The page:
April 6

Published in On this Day listing

  • 1879

    Above: Lord George Hill c. 1867. (Columbia University)

    Lord George Hill (77), landlord, whose estates covered some 23,000 acres in north-west Donegal, died. Hill is perhaps best remembered for Facts from Gweedore (1845), his account of the conditions of his tenants in the biggest parish of his estate and how he had improved their lives by abolishing the rundale system, introducing manufacturing and constructing a network of roads through what was a hitherto inaccessible region. His tenants, however, thoroughly disagreed. The abolition of rundale they regarded as a disaster. His clampdown on illicit distillation had denied them a critical source of ready cash, and other changes, such as his withdrawal of access to summer grazing on the mountains, further impoverished them. Indeed, if other landlords sought to imitate his methods, the House of Commons select committee on Irish poverty were less impressed and went so far as to investigate his methods. On the other hand, Hill is remembered as the landlord who studied Irish history and learned the language, the better to communicate with his tenants, and who worked tirelessly on their behalf during the Famine. He is remembered, too, for his connection with the sisters Cassandra (Cass), Louisa (Lou) and Marianne (May) Knight, nieces and favorites in their childhood of the novelist Jane Austen (1775–1817). Hill married the youngest, Cass, in 1834, making their home at Ballyare House, near Ramelton. When Cass died eight years later after giving birth to their fourth child, Lou joined the household to mind the children and ended up marrying Hill five years later; in 1884 May moved in to care for Lou. Hill was interred with Cass in Conwal Cemetery, Letterkenny, while Lou and May were buried in the graveyard of Tully, adjacent to Ballyare.

  • 1972 The Scarman report, on violence and civil disturbances in Northern Ireland in 1969, described the riots as communal disturbances arising from a complex political, social and economic situation.
  • 1959

    Above: Seán T. O’Kelly, the first president of Ireland to be officially welcomed on British soil

    Seán T. O’Kelly became the first president of Ireland to be officially welcomed on British soil. In the spring of 1959 President O’Kelly made a ten-day state visit to the United States, during which he addressed Congress and visited the Irish diaspora in eight states. Anglo-Irish relations at the time were poor, to say the least. The previous month Taoiseach Éamon de Valera had clashed with Prime Minister Harold Macmillan over the constitutional status of Northern Ireland, and during his visit O’Kelly had taken every opportunity to denounce partition. This particularly irked the British because Macmillan was in the country at the same time for talks with President Eisenhower. With his liner docking at Plymouth, on his return journey—there were no government jets in those days—he and his party planned to transfer quietly from there by car to Exeter airport to catch a flight to Dublin. But the British were sticklers for protocol. As soon as he set foot on the quayside he was greeted by the lord mayor of Plymouth and the lord lieutenant of Devon, who was the queen’s personal representative in that county. Both were appropriately attired in full regalia. In reply, the bemused O’Kelly thanked them and politely requested that his gratitude be conveyed to ‘her majesty’. And then there was a little drama. Coinciding with his arrival, the Devon police received an anonymous phone call threatening O’Kelly’s safety. He and his party were consequently accorded a police escort to Exeter, where officers stood guard until his plane arrived and safely departed for Ireland.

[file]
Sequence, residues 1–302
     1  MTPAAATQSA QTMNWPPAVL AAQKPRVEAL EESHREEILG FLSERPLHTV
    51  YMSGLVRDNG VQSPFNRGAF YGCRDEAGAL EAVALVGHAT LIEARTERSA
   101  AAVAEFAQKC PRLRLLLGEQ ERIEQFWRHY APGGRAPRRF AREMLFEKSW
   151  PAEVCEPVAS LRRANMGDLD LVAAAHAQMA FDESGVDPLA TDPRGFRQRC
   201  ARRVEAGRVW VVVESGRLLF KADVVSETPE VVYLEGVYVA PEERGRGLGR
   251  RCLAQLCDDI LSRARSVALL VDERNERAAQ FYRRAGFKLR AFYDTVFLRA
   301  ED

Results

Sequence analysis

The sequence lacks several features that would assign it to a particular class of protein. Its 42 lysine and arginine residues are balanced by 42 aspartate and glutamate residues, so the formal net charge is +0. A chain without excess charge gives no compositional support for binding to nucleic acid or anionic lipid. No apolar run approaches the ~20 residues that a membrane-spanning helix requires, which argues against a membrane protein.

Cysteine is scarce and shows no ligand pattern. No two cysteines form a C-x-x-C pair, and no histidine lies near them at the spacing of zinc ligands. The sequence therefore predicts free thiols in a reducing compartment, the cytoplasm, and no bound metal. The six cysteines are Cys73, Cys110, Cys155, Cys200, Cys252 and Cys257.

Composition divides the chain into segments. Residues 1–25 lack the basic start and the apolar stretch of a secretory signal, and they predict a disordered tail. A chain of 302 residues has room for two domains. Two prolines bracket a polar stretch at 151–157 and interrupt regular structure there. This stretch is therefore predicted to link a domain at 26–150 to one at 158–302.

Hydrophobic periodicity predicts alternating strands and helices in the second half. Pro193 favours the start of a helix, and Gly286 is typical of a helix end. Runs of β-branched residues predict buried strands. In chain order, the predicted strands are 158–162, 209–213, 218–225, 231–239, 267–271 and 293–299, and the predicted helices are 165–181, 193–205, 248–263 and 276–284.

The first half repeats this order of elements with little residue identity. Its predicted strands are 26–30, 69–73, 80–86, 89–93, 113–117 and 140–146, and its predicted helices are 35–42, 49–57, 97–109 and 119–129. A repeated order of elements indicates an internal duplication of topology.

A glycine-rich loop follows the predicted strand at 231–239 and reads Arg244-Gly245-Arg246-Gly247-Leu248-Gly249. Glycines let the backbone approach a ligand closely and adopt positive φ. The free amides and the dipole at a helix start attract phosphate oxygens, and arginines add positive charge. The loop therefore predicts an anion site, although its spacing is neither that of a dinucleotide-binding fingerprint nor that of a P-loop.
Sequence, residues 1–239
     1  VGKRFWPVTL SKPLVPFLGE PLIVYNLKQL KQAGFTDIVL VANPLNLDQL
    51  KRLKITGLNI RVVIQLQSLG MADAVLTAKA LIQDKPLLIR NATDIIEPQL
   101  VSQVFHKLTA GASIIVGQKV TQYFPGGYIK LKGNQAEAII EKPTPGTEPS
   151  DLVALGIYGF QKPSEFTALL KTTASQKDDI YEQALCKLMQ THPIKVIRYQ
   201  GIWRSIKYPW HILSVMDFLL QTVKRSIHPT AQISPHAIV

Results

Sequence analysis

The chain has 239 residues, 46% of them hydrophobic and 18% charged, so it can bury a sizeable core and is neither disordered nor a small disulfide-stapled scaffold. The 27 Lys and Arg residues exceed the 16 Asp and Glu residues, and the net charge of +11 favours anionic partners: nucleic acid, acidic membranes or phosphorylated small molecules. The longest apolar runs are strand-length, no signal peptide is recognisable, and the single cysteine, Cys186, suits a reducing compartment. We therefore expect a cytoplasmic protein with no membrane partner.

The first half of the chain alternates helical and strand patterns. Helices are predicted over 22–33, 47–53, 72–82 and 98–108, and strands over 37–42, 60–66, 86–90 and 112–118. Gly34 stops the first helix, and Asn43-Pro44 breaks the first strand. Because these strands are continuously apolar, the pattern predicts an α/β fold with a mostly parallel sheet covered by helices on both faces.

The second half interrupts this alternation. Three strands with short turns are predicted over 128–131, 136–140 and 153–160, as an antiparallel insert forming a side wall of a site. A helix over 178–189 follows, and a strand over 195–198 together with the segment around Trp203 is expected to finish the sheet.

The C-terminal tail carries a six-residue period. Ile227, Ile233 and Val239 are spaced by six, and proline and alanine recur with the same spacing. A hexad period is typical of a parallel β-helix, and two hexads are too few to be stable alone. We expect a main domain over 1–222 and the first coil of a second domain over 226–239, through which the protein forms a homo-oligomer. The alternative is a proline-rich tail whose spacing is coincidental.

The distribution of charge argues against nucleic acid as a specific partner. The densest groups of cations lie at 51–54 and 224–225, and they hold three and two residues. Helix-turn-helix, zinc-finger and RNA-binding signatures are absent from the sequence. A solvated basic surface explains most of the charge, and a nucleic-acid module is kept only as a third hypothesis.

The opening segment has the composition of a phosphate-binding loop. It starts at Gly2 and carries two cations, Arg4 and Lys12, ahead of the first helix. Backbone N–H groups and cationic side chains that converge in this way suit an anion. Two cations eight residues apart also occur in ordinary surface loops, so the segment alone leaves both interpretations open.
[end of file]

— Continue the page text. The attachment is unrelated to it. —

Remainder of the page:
• 1972 The Scarman Tribunal report on acts of violence and civil disturbances in Northern Ireland between March and August 1969 found that there was no plot to overthrow the government or to mount an armed insurrection. The riots were ‘communal disturbances arising from a complex political, social and economic situation’.
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